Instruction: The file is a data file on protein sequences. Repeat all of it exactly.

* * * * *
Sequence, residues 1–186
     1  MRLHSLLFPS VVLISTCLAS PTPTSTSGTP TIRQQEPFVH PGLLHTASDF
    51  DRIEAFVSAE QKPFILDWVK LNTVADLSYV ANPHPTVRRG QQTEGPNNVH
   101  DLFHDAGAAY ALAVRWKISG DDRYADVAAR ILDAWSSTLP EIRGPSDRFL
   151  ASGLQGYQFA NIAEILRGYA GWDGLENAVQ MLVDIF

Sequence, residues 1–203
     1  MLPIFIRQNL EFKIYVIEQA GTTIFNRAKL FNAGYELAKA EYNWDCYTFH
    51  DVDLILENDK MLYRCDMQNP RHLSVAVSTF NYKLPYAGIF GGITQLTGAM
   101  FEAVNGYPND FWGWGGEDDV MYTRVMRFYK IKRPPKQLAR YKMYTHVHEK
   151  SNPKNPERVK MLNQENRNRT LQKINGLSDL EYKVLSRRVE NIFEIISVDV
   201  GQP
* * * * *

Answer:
Sequence, residues 1–186
     1  MRLHSLLFPS VVLISTCLAS PTPTSTSGTP TIRQQEPFVH PGLLHTASDF
    51  DRIEAFVSAE QKPFILDWVK LNTVADLSYV ANPHPTVRRG QQTEGPNNVH
   101  DLFHDAGAAY ALAVRWKISG DDRYADVAAR ILDAWSSTLP EIRGPSDRFL
   151  ASGLQGYQFA NIAEILRGYA GWDGLENAVQ MLVDIF

Sequence, residues 1–203
     1  MLPIFIRQNL EFKIYVIEQA GTTIFNRAKL FNAGYELAKA EYNWDCYTFH
    51  DVDLILENDK MLYRCDMQNP RHLSVAVSTF NYKLPYAGIF GGITQLTGAM
   101  FEAVNGYPND FWGWGGEDDV MYTRVMRFYK IKRPPKQLAR YKMYTHVHEK
   151  SNPKNPERVK MLNQENRNRT LQKINGLSDL EYKVLSRRVE NIFEIISVDV
   201  GQP